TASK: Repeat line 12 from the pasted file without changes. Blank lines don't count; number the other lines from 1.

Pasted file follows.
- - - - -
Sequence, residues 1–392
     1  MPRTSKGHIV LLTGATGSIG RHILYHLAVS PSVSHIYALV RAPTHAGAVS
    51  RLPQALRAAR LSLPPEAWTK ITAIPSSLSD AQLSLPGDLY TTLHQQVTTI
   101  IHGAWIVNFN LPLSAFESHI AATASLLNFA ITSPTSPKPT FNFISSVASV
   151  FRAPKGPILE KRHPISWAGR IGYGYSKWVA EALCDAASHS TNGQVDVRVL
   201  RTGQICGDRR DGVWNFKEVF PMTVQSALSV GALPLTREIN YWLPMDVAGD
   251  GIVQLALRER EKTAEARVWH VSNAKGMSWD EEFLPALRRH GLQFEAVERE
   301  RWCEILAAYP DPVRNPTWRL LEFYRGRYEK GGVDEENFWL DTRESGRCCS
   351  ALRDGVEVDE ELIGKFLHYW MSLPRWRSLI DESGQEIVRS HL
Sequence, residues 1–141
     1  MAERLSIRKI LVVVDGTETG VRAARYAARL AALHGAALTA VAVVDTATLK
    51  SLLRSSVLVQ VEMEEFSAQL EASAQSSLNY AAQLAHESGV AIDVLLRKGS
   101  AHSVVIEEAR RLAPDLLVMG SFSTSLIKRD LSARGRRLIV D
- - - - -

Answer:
    51  SLLRSSVLVQ VEMEEFSAQL EASAQSSLNY AAQLAHESGV AIDVLLRKGS